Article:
This past fall I shared a prospectus for a book I’m working on about “deeper learning” with my Ed School friend and colleague, higher education historian Julie Reuben. She read it, and said some nice things about the prospectus, but didn’t seem fully convinced. When I pressed her, she said that the reason is that she isn’t sold on depth as a goal. Young people should be exposed to the range of human pursuits—breadth was what we should be seeking; specialization and depth could come later.
That led us to give a talk about breadth and depth. I advocated for depth; she for breadth, and then we each tried to integrate the two.
Here is an abridged version, told from my perspective.
In Sarah Fine and my research on contemporary high schools, the aspiration of breadth was frequently a barrier to more significant and powerful educational experiences. In the name of breadth, curriculum was often a “mile wide and an inch deep,” and teachers repeatedly told us that the pressure to cover topics interfered with the ability to really investigate a text or explore a scientific principle. The consequence of this rushed pace was that students frequently did not have time to actually do the subjects; for example, reading about or quickly walking through an experiment to achieve a pre-specified results is the opposite of the uncertainty that is at the heart of real scientific inquiry. Society’s desire that all high school students know X and Y and Z also frequently constrained students’ ability to exercise choice and agency over their own education. The desire for breadth also led to a heavily fragmented schedule—45 minutes of one subject followed by 45 minutes of another—short blocks that didn’t enable significant investigations of a topic, and meant that students’ homework was also a little of that and a little of that. And the nail in the coffin was that organizing for breadth didn’t seem to yield even what it was seeking; in the rush to take 9th graders from Mesopotamia to the French revolution, students did not end up either knowing broad swaths of history or how to do real historical inquiry.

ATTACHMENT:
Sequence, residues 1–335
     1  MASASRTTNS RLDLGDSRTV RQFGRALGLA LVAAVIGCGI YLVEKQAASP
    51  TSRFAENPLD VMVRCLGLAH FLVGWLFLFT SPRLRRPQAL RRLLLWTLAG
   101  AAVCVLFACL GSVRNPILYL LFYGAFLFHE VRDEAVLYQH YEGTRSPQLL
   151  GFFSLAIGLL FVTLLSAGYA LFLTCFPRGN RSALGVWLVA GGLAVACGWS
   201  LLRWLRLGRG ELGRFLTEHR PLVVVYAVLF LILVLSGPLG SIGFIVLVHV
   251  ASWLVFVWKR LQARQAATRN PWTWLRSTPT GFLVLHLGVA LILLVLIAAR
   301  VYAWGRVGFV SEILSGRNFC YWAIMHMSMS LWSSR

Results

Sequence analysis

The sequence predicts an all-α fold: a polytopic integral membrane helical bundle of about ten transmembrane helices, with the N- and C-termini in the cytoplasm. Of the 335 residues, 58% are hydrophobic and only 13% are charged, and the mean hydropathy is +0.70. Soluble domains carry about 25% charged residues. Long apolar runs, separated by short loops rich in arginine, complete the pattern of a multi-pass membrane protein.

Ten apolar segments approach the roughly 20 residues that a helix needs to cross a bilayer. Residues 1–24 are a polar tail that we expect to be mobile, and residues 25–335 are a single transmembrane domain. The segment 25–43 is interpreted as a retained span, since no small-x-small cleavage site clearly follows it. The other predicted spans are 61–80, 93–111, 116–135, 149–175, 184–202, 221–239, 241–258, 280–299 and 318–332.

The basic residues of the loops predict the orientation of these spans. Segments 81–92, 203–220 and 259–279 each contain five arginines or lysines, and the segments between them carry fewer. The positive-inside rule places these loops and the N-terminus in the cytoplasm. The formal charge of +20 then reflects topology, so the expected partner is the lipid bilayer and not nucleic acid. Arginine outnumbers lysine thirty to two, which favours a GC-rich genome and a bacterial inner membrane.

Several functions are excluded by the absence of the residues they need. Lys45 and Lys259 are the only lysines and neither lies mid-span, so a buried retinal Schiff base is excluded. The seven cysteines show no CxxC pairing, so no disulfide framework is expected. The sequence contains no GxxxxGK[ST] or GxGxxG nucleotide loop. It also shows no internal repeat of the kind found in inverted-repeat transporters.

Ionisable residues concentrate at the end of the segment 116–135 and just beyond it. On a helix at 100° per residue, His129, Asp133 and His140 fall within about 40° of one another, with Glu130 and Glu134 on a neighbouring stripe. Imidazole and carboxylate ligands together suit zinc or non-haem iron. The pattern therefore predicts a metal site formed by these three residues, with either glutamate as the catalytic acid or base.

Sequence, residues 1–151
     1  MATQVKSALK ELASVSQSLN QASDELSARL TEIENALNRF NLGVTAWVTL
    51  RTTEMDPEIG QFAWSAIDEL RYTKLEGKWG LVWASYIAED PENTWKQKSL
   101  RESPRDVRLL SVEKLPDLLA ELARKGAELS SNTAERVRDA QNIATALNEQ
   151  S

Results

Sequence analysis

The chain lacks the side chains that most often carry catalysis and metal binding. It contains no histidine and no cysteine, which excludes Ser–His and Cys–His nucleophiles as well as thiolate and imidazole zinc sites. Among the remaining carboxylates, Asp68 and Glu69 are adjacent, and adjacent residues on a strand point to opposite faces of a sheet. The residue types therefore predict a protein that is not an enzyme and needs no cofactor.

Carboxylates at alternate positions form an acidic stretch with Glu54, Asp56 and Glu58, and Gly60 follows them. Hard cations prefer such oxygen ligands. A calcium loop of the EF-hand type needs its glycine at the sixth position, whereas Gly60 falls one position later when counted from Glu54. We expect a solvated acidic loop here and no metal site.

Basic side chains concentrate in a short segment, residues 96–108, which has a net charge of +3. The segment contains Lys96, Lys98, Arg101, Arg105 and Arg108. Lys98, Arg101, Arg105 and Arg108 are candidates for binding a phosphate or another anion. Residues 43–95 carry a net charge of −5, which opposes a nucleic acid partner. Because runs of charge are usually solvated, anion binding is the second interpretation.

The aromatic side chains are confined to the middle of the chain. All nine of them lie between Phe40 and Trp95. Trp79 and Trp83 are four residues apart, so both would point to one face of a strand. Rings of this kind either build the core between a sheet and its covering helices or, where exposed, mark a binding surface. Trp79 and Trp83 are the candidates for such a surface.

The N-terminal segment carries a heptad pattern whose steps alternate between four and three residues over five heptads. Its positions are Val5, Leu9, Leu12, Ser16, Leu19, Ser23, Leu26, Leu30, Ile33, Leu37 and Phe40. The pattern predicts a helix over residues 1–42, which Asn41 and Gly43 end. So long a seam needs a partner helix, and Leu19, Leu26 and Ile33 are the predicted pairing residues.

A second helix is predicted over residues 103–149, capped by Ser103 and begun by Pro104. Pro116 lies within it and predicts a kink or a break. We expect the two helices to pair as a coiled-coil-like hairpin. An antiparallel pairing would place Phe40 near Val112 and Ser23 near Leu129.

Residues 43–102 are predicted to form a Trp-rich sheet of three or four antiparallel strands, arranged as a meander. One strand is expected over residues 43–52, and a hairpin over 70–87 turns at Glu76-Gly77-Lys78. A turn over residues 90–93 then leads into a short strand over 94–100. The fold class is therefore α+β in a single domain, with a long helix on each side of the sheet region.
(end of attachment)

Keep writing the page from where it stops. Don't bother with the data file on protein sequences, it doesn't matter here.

Conversely, almost all of the best educational experiences we saw took the opposite stance and privileged breadth over depth. Problem-based learning in math, for example, would feature one single difficult problem rather than lots of problems that were an application of one rule. Schools that took this stance also frequently had longer blocks and fewer subjects (at a time), allowing for more sustained inquiry in a particular domain. In terms of classroom experiences, the best teachers we saw tried to create an atmosphere where immersion in the thing was the only thing, where time stopped as students explored a text or investigated a scientific question. Depth was also often associated with student choice and, in turn, intrinsic motivation. As students choose to spend sustained time in electives or extracurriculars on subjects they liked, these environments were thus infused with the kind of energy and momentum that was frequently absent from more required subjects. And when, judging by adult eyes, we saw significant comprehension of a subject, an ability to not only know but do the things in the domain, it was almost always when students had gone “deep” in a field. For all of these reasons, we were left thinking that high schools should potentially be reorganized to enable students to take fewer subjects and spend more time on the ones they cared the most about, with external pressures for content coverage significantly lessened.